In addition to the workplace hazards generally faced by industrial workers, electricians are also particularly exposed to injury by electricity.An electrician may experience electric shock due to direct contact with energized circuit conductors or due to stray voltage caused by faults in a system. An electric arc exposes eyes and skin to hazardous amounts of heat and light. Faulty switchgear may cause an arc flash incident with a resultant blast. Electricians are trained to work safely and take many measures to minimize the danger of injury.
Lockout and tagout procedures are used to make sure that circuits are proven to be de-energized before work is done.Limits of approach to energized equipment protect against arc flash exposure; specially designed flash-resistant clothing provides additional protection; grounding (earthing) clamps and chains are used on line conductors to provide a visible assurance that a conductor is de-energized. Personal protective equipment provides electrical insulation as well as protection from mechanical impact; gloves have insulating rubber liners, and work boots and hard hats are specially rated to provide protection from shock. If a system cannot be de-energized, insulated tools are used; even high-voltage transmission lines can be repaired while energized, when necessary. Electrical workers, which includes electricians, accounted for 34% of total electrocutions of construction trades workers in the United States between 1992?2003.Źródło: https://en.wikipedia.org/wiki/Electrician#Safety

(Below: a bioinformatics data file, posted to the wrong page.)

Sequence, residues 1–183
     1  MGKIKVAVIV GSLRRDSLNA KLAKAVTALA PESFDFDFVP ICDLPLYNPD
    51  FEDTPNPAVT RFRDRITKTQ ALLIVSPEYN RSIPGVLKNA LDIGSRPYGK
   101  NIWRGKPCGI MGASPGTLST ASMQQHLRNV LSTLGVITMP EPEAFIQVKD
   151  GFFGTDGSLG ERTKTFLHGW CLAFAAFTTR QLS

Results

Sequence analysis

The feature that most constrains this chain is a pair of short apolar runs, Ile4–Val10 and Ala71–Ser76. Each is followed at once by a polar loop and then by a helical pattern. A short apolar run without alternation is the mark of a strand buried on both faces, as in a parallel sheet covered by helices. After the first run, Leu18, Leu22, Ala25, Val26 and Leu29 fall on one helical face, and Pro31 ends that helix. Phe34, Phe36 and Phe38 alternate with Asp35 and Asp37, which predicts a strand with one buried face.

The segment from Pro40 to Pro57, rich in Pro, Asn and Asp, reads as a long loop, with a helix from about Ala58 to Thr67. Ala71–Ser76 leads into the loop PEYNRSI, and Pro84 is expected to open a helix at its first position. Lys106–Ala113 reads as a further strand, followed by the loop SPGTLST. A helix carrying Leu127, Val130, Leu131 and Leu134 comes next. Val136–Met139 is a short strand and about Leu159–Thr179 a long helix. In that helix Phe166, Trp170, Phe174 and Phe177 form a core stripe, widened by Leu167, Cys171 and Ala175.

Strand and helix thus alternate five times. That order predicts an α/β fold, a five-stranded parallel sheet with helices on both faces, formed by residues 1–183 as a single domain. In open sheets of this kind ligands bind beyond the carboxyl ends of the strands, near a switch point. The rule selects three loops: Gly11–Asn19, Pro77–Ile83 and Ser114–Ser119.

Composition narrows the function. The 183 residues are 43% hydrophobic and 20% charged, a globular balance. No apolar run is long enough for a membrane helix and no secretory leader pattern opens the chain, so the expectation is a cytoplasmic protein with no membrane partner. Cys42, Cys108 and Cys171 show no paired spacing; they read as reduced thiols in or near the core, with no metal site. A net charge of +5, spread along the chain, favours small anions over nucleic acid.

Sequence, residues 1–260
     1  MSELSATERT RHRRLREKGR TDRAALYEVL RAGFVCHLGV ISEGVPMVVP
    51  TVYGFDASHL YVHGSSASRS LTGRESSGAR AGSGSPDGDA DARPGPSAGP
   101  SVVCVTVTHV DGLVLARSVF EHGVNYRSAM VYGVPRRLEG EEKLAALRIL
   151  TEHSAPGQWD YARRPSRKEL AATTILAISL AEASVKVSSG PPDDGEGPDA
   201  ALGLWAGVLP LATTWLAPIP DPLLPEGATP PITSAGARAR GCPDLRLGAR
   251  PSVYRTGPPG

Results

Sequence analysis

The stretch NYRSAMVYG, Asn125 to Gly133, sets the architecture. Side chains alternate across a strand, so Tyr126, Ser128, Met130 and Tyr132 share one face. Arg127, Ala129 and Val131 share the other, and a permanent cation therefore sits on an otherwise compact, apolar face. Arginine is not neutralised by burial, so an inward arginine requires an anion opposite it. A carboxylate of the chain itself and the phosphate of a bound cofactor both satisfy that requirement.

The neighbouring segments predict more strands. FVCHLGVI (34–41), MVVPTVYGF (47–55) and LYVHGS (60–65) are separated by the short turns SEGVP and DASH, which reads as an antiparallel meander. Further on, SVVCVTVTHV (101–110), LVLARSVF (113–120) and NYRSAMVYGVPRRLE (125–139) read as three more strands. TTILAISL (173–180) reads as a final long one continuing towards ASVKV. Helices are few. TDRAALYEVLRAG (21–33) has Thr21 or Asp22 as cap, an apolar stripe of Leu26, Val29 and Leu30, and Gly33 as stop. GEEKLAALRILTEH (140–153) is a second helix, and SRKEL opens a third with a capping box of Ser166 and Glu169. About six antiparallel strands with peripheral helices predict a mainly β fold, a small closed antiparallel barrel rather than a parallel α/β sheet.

Electrical energy is the energy newly derived from electric potential energy or kinetic energy.
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